2 General description of the folding films

For most of our experiments, we used polymer bilayers consisting of a hydrophilic thermoresponsive polymer, which was the bottom layer, and a hydrophobic polymer, which was the top layer (Figure 1A). The bilayer was deposited on a solid substrate. The thermoresponsive polymer was typically a copolymer of poly(N-isopropylacrylamide), which swells in water below 33°C and is not swollen above this temperature. The hydrophobic polymer was either poly(caprolactone) or poly(methyl methacrylate). At elevated temperature, the thermoresponsive polymer is not swollen and the bilayer is flattened. Immersion in cold water led to swelling of the thermoresponsive polymer and to deformation of the bilayer (Figure 1B).

Scheme of folding of a polymer bilayer: the bilayer is undeformed at elevated temperature (A) and bends if the temperature falls down (B). [Reproduced with permission of Wiley-VCH Verlag GmbH & Co. KGaA (24).]
Figure 1

Scheme of folding of a polymer bilayer: the bilayer is undeformed at elevated temperature (A) and bends if the temperature falls down (B). [Reproduced with permission of Wiley-VCH Verlag GmbH & Co. KGaA (24).]

3 Swelling

Apparently, swelling of the hydrophilic polymer is the first step towards the folding of the bilayer and, in fact, defines how the folding will proceed. In our case, the lower polymer layer is confined between two water-impermeable substances (the substrate and the hydrophobic polymer) that restrict the water diffusion and define the direction of swelling. We qualitatively investigated swelling by observing for changes in the color of the films, which, due to light interference, reflects the change in its thickness and swelling degree (Figure 2) (24). The non-swollen films have a homogenous color. The color of the films started to change immediately after immersion in water at 25°C. The changes in color started from the periphery of the bilayer film and gradually proceeded towards its center in the cases of films with rectangular, elliptical or star-like shapes, which indicates inhomogeneous activation profile in the active layer due to slow water diffusion (23, 24).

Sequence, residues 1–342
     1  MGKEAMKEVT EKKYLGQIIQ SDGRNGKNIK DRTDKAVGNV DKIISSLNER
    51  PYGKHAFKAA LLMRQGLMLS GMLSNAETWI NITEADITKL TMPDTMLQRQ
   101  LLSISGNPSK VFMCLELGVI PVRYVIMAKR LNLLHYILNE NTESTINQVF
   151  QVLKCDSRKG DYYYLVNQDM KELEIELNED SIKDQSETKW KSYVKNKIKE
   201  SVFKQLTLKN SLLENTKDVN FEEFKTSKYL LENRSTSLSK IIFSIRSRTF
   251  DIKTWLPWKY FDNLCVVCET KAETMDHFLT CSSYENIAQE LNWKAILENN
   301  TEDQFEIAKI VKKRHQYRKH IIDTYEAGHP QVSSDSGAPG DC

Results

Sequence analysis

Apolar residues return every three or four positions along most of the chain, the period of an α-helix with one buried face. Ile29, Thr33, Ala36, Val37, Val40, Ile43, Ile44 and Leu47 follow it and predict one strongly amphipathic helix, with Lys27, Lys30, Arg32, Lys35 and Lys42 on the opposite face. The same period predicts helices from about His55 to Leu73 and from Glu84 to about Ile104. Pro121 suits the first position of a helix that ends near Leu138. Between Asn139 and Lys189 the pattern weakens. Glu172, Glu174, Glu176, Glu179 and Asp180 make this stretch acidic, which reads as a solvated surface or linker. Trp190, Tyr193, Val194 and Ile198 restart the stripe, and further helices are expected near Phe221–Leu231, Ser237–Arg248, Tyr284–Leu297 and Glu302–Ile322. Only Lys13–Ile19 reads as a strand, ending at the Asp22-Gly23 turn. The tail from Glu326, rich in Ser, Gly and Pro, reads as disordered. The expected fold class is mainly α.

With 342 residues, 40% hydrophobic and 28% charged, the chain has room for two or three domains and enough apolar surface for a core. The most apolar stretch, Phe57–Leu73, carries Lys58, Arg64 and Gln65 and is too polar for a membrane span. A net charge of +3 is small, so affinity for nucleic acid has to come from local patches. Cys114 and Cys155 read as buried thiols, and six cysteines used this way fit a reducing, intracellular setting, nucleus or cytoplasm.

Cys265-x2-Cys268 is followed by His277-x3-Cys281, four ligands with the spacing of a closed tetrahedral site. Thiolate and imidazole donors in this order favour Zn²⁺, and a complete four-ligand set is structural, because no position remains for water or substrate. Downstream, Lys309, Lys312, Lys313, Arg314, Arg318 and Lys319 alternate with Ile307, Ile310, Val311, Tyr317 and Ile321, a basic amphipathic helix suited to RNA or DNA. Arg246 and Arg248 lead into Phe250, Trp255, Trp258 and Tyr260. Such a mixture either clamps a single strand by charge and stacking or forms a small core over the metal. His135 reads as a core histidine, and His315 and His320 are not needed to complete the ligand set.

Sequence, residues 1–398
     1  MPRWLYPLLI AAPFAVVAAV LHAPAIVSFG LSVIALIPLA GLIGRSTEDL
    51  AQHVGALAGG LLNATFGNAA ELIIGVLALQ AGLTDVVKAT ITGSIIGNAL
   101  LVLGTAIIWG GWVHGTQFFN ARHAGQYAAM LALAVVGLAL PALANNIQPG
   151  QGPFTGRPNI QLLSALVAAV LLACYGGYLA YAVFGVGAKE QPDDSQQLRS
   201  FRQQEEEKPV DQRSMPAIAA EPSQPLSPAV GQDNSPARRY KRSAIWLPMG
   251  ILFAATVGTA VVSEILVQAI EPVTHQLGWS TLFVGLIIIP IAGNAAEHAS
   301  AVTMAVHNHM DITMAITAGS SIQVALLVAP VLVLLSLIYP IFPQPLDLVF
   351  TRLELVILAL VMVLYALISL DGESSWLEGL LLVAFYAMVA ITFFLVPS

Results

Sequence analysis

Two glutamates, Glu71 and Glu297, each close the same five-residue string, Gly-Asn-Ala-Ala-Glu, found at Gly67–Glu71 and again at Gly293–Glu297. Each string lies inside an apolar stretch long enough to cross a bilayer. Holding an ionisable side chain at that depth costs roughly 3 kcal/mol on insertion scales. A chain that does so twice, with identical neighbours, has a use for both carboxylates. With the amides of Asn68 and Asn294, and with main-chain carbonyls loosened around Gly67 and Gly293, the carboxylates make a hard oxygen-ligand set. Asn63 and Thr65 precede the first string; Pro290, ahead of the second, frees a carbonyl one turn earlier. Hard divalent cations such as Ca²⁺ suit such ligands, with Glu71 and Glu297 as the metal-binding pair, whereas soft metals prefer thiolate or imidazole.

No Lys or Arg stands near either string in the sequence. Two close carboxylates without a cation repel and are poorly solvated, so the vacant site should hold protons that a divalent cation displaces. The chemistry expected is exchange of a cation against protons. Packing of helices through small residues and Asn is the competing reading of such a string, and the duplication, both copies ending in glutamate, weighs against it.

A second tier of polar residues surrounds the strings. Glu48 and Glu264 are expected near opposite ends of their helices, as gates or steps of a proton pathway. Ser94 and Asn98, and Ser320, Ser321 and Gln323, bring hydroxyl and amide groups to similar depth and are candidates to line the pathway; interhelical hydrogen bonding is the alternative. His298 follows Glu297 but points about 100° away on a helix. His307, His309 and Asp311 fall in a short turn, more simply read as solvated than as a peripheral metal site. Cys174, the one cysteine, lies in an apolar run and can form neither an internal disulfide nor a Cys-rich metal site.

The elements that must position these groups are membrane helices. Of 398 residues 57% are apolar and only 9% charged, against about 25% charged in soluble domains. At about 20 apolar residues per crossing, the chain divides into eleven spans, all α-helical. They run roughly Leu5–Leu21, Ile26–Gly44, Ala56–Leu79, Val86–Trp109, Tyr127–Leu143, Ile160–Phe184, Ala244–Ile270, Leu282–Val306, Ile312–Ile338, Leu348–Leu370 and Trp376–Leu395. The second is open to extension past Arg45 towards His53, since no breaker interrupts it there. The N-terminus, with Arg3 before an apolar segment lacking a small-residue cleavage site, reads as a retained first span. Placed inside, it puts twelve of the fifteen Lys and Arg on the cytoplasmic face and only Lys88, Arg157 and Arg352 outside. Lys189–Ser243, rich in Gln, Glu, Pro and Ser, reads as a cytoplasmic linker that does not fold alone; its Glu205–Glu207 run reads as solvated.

Swelling of polymer bilayers with different shapes. [Reproduced with permission of the (A) American Chemical Society (23) and (B–E) Wiley-VCH Verlag GmbH & Co. KGaA (24).]
Figure 2

Swelling of polymer bilayers with different shapes. [Reproduced with permission of the (A) American Chemical Society (23) and (B–E) Wiley-VCH Verlag GmbH & Co. KGaA (24).]